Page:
According to Irish mythology, Boann was the Irish goddess of the River Boyne, which is a momentous river in County Meath.  It is said to have been created by and named after the goddess Boann.

Like most stories about the ancient goddesses, records of Boann don’t do her justice or explain the powerful goddess that she was. The very fact that she held sway over the River Boyne would suggest that she was a very important deity. The Boyne was hugely important to the Irish people for transporting goods and travelling to the rest of the world, so for Boann to have created it would have gained her great reverence. 

How Boann created the river has always had two versions. The first is illustrated in the ancient text, ‘Dindsenchas’, which explains the origins of Irish place names. This version narrates the story of the magical ‘Well of Segais’, also known as ‘Connla’s Well’. Surrounding the well were nine hazel trees that grew the nuts of knowledge. When the nuts fell into the well, the salmon that swam in it became a source of wisdom. Boann’s husband in this story was Nechtan. He prohibited her from going near that well but Boann ignored her husband’s orders and continued to walk around it. Her circular motions stimulated the water to fiercely upsurge and the River Boyne came to life. During that process, goddess Boann lost an arm, eye, and leg due to the coursing flood. Eventually, she lost her life as well, but her spirit lived on in the river.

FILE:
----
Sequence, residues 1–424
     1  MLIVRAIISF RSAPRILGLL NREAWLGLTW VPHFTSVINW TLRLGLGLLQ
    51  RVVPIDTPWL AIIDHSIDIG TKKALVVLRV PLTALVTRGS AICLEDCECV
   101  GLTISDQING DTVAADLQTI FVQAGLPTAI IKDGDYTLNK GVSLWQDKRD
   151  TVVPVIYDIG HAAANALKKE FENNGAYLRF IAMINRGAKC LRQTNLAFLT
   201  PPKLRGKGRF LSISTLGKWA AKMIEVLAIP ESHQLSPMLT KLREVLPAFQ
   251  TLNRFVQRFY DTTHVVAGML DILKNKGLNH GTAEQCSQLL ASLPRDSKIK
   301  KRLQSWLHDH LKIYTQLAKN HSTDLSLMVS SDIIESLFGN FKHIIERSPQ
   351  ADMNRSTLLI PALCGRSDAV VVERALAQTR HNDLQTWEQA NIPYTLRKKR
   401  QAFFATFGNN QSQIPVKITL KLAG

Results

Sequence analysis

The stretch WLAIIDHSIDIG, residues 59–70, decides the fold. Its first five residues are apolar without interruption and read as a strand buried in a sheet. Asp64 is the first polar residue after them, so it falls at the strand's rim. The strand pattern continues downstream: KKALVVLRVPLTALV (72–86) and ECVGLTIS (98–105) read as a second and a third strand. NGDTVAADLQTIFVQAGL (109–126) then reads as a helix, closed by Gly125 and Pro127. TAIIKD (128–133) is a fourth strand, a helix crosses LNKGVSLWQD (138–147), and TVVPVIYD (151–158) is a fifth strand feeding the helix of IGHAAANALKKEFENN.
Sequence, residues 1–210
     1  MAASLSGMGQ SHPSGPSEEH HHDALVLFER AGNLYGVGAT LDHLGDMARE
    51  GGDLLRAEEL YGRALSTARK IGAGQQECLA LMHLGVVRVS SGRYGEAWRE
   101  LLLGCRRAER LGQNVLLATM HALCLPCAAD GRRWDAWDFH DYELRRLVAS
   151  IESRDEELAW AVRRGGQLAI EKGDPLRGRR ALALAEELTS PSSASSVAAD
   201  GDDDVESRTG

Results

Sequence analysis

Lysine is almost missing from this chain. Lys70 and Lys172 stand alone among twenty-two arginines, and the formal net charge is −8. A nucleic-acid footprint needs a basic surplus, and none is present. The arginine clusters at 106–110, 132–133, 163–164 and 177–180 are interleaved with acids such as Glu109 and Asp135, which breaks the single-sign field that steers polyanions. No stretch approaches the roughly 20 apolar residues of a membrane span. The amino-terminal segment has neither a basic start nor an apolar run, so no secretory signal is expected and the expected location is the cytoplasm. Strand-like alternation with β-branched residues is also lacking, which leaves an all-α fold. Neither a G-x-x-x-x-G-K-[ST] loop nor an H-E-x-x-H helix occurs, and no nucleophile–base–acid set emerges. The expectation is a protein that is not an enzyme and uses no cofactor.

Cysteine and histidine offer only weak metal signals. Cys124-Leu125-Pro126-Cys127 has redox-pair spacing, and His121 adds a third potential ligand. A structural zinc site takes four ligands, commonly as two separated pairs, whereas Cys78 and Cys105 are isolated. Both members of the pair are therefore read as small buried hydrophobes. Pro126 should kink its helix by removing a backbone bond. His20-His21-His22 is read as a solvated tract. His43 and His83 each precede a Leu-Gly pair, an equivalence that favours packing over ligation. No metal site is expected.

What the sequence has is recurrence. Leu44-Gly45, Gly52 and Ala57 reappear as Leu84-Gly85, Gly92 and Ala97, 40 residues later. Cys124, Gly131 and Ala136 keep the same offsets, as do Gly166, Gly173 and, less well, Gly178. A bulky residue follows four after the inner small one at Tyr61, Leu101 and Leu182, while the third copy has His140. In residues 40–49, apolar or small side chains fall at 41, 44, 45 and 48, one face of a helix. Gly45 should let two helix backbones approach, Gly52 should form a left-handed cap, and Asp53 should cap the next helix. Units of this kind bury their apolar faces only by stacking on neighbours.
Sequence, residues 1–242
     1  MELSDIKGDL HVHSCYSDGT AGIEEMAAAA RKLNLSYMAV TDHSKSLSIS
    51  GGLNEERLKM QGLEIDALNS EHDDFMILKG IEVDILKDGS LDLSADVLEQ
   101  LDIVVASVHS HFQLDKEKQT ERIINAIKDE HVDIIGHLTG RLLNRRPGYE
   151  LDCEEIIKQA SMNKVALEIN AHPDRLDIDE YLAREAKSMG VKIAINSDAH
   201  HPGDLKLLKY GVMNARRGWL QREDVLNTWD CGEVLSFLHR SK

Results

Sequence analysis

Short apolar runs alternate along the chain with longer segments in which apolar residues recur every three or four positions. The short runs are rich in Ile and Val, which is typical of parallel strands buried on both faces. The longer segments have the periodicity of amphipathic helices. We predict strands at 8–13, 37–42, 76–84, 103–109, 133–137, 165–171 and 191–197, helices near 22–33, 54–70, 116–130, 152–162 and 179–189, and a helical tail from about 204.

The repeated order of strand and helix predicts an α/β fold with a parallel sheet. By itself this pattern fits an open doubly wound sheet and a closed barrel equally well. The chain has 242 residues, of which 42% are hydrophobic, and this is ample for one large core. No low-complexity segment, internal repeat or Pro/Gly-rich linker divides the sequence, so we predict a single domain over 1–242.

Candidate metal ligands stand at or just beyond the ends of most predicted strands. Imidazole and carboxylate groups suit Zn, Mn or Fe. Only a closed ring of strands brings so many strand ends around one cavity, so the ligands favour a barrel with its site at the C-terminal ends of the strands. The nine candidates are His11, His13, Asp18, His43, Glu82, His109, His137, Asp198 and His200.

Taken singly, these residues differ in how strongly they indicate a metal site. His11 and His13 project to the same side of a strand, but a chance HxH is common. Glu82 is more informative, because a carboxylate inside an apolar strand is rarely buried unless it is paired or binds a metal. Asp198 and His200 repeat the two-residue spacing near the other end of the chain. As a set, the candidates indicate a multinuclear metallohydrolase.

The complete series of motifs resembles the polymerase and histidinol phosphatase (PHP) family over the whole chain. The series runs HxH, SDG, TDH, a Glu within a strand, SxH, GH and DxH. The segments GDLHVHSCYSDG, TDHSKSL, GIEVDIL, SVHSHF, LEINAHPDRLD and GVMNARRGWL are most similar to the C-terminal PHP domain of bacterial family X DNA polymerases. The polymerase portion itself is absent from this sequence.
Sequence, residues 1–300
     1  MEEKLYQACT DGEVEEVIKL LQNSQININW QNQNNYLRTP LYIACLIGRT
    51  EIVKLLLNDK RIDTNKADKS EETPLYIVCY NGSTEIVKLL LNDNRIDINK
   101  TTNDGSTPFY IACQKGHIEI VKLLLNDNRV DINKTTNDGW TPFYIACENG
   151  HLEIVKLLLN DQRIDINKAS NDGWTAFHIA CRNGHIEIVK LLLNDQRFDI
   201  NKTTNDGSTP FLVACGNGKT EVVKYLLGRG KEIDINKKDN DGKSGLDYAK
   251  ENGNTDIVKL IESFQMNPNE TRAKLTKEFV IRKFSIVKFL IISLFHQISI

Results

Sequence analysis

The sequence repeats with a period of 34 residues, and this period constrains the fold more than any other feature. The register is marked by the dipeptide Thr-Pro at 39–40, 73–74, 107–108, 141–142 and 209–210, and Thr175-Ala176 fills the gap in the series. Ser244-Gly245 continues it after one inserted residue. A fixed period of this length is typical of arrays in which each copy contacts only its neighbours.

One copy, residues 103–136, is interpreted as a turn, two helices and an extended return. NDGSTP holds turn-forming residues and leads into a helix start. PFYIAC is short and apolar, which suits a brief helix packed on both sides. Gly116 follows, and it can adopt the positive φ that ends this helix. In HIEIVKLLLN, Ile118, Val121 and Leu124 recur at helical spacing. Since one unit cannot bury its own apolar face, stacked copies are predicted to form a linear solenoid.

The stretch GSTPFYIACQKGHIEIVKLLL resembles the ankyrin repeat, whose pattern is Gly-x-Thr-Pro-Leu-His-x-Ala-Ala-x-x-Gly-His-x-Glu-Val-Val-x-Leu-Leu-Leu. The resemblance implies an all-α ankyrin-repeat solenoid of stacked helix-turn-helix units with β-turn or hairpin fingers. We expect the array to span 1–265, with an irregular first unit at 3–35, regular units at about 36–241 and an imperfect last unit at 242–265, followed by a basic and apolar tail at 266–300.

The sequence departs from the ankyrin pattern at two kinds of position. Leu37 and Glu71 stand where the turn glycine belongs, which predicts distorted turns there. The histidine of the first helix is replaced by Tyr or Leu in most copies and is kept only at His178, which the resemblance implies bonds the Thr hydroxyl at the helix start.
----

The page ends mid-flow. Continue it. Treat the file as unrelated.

In the second version of the story, Boann doesn’t die but transforms into a salmon. Becoming a salmon made her the goddess of rivers and wisdom. Irish people called her the Mother of the river. 

Boann’s son was called Aengus, the god of love and youth, and his father was the Dagda. She had a strong connection with Bru Na Boinne and was said to have lived there in ancient times.

Boann is strongly associated with poetry, and in early literature, it is written that drinking from her river, the Boyne, in the month of June, would grant the gifts of poetry and seership.

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